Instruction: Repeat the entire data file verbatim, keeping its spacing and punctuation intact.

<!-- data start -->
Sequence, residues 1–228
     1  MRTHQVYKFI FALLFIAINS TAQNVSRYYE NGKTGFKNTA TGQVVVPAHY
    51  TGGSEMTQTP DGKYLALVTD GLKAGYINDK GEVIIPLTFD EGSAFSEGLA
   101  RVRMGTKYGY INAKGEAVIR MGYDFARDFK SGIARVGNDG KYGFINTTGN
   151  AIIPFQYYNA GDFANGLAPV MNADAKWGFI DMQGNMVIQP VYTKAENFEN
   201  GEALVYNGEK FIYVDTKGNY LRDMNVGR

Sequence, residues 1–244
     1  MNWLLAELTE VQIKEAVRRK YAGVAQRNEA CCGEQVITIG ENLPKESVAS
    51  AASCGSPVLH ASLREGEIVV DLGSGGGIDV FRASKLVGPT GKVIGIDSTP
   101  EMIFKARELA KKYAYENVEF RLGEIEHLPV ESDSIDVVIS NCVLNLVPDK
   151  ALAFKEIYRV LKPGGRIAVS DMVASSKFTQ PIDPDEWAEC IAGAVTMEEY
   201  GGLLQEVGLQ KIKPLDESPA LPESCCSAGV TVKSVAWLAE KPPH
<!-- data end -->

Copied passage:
Sequence, residues 1–228
     1  MRTHQVYKFI FALLFIAINS TAQNVSRYYE NGKTGFKNTA TGQVVVPAHY
    51  TGGSEMTQTP DGKYLALVTD GLKAGYINDK GEVIIPLTFD EGSAFSEGLA
   101  RVRMGTKYGY INAKGEAVIR MGYDFARDFK SGIARVGNDG KYGFINTTGN
   151  AIIPFQYYNA GDFANGLAPV MNADAKWGFI DMQGNMVIQP VYTKAENFEN
   201  GEALVYNGEK FIYVDTKGNY LRDMNVGR

Sequence, residues 1–244
     1  MNWLLAELTE VQIKEAVRRK YAGVAQRNEA CCGEQVITIG ENLPKESVAS
    51  AASCGSPVLH ASLREGEIVV DLGSGGGIDV FRASKLVGPT GKVIGIDSTP
   101  EMIFKARELA KKYAYENVEF RLGEIEHLPV ESDSIDVVIS NCVLNLVPDK
   151  ALAFKEIYRV LKPGGRIAVS DMVASSKFTQ PIDPDEWAEC IAGAVTMEEY
   201  GGLLQEVGLQ KIKPLDESPA LPESCCSAGV TVKSVAWLAE KPPH